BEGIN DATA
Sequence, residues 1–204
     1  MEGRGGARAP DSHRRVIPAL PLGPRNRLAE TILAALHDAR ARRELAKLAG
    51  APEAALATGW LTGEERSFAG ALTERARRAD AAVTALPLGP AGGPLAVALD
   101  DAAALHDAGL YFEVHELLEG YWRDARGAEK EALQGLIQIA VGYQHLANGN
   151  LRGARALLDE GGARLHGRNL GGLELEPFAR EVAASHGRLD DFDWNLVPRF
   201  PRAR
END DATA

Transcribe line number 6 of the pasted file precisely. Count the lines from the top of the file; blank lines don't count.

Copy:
   201  PRAR